B. Prejudice to Defendant
In determining whether a defendant has been prejudiced, we examine whether the plaintiff's actions impair the defendant's ability to go to trial or threaten to interfere with the rightful decision of the case. See Rubin v. Belo Broadcasting Corp. ( In re Rubin), 769 F.2d 611, 618 (9th Cir. 1985). In the instant case, the district court was primarily concerned with counsel's bad faith decision to wait until the last minute before notifying the Government that Malone was not complying with the pretrial order. While Malone did nothing to fulfill her responsibilities under the pretrial order, the Government made a diligent effort to comply with the pretrial order in a timely manner. We have no doubt that Malone's last-minute notification of her decision not to comply with the pretrial order had a prejudicial effect on the Government. See North American Watch Corp. v. Princess Ermine Jewels, 786 F.2d 1447, 1451 (9th Cir. 1986) (endorsing district court's finding that "willful violation of the discovery order had, given the imminence of the trial date, prejudiced [defendant's] ability to prepare for trial"); Scarborough v. Eubanks, 747 F.2d 871, 876 (3d Cir. 1984) (prejudice includes "irremediable burdens or costs imposed on the opposing party"); Chism, 637 F.2d at 1331 (indicating that defendant had been prejudiced by plaintiff's continual flouting of discovery rules, failure to comply with pretrial conference obligations, and repeated violations of local court rules); cf. Henderson, 779 F.2d at 1425 (although no specific showing of prejudice had been made below, "[w]here counsel continues to disregard deadlines, warnings, and schedules set by the district court, we cannot find that a lack of prejudice to defendants is determinative" in evaluating the propriety of dismissal).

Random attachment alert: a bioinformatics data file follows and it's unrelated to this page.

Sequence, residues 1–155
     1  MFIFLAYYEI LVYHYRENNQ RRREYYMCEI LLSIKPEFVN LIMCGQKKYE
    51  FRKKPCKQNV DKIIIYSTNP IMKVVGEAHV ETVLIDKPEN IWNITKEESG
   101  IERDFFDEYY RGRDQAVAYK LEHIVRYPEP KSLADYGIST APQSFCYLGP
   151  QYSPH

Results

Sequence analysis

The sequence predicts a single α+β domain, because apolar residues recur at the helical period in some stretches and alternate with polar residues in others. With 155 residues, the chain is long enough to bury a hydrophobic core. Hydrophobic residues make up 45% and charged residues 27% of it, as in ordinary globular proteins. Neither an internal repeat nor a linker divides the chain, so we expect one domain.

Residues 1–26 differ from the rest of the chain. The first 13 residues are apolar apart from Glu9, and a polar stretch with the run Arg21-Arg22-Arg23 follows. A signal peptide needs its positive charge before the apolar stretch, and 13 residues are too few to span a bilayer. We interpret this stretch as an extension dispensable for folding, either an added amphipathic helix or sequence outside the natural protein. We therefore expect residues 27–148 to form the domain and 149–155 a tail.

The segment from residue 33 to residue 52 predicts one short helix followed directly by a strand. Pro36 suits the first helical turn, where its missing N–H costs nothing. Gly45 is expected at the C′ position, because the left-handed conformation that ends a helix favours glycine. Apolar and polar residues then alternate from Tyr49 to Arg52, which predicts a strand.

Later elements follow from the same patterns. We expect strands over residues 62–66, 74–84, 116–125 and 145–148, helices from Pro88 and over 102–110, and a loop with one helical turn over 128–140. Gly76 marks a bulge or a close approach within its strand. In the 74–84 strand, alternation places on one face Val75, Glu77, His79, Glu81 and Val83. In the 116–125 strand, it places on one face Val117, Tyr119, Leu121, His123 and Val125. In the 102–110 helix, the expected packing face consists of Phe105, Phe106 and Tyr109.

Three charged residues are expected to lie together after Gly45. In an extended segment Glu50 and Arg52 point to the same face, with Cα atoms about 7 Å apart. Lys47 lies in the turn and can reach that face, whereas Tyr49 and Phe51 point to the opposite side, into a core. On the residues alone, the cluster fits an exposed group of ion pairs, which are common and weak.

We hold that the prejudice to the Government from Malone's actions was sufficient to justify an order of dismissal. In so holding, we place particular reliance on the district court's determination that Malone's excuse for her conduct was groundless. Whether prejudice is sufficient to support an order of dismissal is in part judged with reference to the strength of the plaintiff's excuse for the default. See Nealey v. Transportacion Maritima Mexicana, S.A., 662 F.2d 1275, 1280 (9th Cir. 1980). The district court rejected the excuse that Malone lacked the financial resources to comply with the pretrial order. The court found that compliance with the pretrial order was feasible in light of the numerous depositions and interrogatories already taken by Malone's counsel and the "numerous alternatives available to [Malone]" for compliance. In addition, counsel offered no explanation as to why she waited until April 23 to inform the Government that Malone was unable to comply with the pretrial order. Malone's intentional and unjustified violation of the pretrial order prejudiced the Government in a manner which justifies dismissal.